Leading menopause experts team up with Women in Data for game-changing initiative: MenopauseX


Women in Data, Newson Health and the Balance App are joining forces for a joint initiative, MenopauseX.

This ground-breaking collaboration will provide cutting edge data insights and bridge data gaps that exist here in the UK, and beyond, by including women from minority backgrounds.

Cross collaboration will generate previously non-existent/scarce insights, demonstrate the cost of the menopause to the economy and, in turn, improve the health and wellbeing of menopausal women and trans/non-binary people everywhere.

Women in Data’s research has shown that women are often stepping into roles with greater responsibility and influence during this time in their working life. This career-crucial time can often be impacted by menopause and we know that it is affecting women’s workplace performance, wellbeing and overall effectiveness.

MenopauseX’s insights will be used to improve the health and wellbeing of women the world over. To gain truly valuable intelligence, our project design, resources, contributions, data and interpretation will be inclusive and reflective of society.

The project’s commitment to inclusion will be met by addressing gaps in menopause data, for example women from minority backgrounds and non-binary people. Our collective strategy is designed to support identities that have previously been omitted from research studies, who are often more adversely affected earlier in life and with greater health implications.

The collective of subject matter experts includes:

Women in Data, a highly skilled community that supports and develops the careers of women in data and technology. Women in Data® helps women at all stages of their careers through networking, mentoring, selected partner-backed jobs promotion, and its free-to- attend flagship annual event. Based on evidence that, to accelerate change, awareness needs to be generated among younger age groups, Girls in Data was launched at the BBC in 2020. Women in Data® has attracted the support of Data luminaries and organisations committed to inclusion and diversity. To increase the number of visible female role models, Women in Data® launched the prestigious annual promotion Twenty in Data and Technology, which is entering its fifth year.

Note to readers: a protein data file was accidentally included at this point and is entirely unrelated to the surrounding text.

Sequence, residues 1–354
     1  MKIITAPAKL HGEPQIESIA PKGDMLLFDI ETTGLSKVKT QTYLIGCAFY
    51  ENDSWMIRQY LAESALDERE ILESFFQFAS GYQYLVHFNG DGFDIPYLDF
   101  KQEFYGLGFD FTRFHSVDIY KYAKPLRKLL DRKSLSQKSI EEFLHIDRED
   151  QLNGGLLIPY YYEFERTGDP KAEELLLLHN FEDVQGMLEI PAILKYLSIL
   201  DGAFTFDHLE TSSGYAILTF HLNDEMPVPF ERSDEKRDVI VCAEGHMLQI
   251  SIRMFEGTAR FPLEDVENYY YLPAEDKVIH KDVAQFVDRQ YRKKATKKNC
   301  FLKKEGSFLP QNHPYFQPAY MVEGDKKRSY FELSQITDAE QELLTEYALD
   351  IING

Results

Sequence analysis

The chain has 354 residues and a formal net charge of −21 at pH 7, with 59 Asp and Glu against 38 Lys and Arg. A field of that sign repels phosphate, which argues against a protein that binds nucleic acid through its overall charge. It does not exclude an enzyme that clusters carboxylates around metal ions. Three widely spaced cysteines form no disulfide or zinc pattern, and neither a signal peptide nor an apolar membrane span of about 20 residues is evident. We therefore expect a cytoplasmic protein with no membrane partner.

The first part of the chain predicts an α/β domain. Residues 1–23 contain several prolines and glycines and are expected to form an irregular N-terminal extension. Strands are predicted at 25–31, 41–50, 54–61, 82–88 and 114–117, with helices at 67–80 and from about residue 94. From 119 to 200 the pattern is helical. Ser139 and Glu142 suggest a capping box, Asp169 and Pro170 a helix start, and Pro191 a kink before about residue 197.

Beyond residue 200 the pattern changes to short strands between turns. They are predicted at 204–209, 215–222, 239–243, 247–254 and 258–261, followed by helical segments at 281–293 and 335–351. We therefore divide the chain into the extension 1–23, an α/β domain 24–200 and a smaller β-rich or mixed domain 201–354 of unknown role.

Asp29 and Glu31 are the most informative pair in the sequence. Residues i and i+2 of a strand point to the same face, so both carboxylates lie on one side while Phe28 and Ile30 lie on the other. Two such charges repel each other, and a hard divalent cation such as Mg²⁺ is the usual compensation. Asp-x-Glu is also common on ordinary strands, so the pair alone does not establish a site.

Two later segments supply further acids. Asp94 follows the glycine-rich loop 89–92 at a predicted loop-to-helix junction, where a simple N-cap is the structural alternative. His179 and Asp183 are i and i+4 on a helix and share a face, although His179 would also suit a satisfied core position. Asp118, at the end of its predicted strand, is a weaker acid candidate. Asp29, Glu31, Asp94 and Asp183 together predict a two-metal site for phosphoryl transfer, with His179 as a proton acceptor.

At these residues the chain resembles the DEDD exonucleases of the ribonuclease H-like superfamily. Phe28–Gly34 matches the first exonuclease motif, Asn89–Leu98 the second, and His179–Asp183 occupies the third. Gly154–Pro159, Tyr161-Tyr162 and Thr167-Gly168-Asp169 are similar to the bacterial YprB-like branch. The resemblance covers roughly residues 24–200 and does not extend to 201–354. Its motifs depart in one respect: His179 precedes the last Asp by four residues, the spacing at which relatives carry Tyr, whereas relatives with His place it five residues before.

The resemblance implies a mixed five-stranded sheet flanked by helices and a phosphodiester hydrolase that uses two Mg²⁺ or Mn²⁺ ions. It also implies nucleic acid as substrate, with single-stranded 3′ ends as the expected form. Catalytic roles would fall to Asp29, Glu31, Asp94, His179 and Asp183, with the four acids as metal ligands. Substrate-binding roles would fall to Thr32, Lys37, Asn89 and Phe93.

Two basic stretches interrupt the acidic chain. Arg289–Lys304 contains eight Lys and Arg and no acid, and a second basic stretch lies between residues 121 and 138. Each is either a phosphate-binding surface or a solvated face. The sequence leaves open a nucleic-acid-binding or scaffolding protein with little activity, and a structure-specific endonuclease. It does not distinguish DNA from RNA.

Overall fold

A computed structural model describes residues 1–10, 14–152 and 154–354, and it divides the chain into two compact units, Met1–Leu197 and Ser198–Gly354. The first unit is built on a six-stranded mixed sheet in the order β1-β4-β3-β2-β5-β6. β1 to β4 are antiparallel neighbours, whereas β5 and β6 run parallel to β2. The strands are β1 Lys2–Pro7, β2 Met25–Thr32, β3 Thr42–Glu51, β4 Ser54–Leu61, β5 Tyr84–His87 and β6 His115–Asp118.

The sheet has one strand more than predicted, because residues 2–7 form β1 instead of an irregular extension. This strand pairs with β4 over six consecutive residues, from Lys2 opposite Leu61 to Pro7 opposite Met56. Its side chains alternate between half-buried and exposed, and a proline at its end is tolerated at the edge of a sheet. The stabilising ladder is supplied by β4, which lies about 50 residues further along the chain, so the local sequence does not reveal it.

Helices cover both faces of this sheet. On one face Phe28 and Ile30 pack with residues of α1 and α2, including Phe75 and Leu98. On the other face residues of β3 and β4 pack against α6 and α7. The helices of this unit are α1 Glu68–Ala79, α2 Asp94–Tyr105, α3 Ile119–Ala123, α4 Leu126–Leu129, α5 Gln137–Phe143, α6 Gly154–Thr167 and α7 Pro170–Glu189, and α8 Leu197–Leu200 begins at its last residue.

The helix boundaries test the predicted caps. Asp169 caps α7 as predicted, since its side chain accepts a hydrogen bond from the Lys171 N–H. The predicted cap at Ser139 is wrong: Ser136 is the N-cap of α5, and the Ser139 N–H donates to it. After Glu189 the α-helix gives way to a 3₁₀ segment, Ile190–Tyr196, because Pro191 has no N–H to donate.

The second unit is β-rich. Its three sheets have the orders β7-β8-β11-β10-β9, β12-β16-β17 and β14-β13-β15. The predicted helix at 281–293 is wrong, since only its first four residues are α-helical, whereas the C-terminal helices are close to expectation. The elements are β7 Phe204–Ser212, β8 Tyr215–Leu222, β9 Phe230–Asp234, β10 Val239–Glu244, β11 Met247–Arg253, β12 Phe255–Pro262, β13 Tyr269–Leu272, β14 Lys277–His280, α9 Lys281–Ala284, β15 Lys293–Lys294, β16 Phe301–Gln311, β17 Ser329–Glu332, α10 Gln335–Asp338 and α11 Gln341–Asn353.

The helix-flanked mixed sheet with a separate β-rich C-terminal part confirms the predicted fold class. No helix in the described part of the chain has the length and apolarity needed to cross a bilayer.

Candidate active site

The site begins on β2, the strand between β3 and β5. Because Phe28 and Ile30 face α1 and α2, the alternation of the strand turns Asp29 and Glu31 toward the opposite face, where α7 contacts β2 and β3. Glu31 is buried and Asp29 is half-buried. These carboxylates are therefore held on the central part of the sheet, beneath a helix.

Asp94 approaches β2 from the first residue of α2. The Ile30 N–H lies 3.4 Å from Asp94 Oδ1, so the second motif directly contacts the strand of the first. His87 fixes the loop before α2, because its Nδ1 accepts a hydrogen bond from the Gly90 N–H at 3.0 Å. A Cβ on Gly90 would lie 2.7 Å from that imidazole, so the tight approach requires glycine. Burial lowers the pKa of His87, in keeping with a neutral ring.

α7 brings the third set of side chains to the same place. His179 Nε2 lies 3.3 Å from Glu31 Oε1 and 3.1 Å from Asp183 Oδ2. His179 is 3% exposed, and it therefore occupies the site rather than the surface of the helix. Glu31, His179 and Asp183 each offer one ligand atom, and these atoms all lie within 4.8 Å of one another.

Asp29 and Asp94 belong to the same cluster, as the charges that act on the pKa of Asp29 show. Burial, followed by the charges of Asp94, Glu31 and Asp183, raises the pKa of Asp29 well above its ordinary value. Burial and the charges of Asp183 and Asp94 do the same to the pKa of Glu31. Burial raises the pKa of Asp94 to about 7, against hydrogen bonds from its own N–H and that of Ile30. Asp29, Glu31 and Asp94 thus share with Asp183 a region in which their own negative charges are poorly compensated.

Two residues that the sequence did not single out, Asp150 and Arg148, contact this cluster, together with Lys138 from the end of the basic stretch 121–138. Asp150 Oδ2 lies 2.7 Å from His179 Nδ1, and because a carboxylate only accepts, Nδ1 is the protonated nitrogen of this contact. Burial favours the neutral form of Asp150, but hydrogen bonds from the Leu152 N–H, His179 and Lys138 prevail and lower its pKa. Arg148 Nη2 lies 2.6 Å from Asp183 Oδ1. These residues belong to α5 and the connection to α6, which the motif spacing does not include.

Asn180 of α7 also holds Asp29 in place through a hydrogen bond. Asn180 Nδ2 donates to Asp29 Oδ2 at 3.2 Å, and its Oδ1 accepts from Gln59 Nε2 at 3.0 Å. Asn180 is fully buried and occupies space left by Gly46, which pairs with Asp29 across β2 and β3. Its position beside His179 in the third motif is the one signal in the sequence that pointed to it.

Newson Health logoNewson Health Research and Education, a not-for-profit centre of excellence dedicated to the perimenopause and menopause, that provides healthcare professionals, training and knowledge about treatment options for the menopause including the safe prescribing of HRT.

Balance logoThe Balance App, a free award-winning menopause support app with the ambition to make menopause support inclusive and accessible to all. The app has already supported hundreds of thousands of women worldwide to share their insights and experience, track their symptoms, and access expert help, diagnosis and treatment.


Charisma Buxton

In Her Shoes: Charisma Buxton | Big Data Developer, Morgan Stanley

Charisma Buxton

Charisma Buxton joined Morgan Stanley in 2017 via the Technology Analyst Program in Glasgow, following completion of her Masters’ degree in Data Science from the University of Dundee.

In 2020, Charisma joined the Cybersecurity team as a Data Scientist. Charisma recently moved over to Legal, Compliance and Governance and is currently working as a Big Data developer in Legal and Compliances’ Resilience Team in London.

On a typical workday, how do you start your day and how does it end?

My typical workday starts with a mug of hot chocolate and reviewing emails. I check my Jira board to prioritise tasks for the day, then check my to-do list to see items from the previous day that need to be completed. From there it’s mostly meetings or working on my ongoing projects. The day ends with me updating my Jira boards and updating my to-do list.